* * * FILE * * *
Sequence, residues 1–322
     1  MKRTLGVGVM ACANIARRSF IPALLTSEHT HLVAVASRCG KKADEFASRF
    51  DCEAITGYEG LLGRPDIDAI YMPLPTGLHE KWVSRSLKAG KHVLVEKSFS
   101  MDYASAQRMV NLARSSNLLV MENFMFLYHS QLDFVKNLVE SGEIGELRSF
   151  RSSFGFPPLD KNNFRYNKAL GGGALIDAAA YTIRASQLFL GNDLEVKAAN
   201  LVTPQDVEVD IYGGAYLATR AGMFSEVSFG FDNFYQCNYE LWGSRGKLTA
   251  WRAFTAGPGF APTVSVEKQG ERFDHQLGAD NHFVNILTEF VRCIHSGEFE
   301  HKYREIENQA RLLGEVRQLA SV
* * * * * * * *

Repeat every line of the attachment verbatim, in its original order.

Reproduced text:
Sequence, residues 1–322
     1  MKRTLGVGVM ACANIARRSF IPALLTSEHT HLVAVASRCG KKADEFASRF
    51  DCEAITGYEG LLGRPDIDAI YMPLPTGLHE KWVSRSLKAG KHVLVEKSFS
   101  MDYASAQRMV NLARSSNLLV MENFMFLYHS QLDFVKNLVE SGEIGELRSF
   151  RSSFGFPPLD KNNFRYNKAL GGGALIDAAA YTIRASQLFL GNDLEVKAAN
   201  LVTPQDVEVD IYGGAYLATR AGMFSEVSFG FDNFYQCNYE LWGSRGKLTA
   251  WRAFTAGPGF APTVSVEKQG ERFDHQLGAD NHFVNILTEF VRCIHSGEFE
   301  HKYREIENQA RLLGEVRQLA SV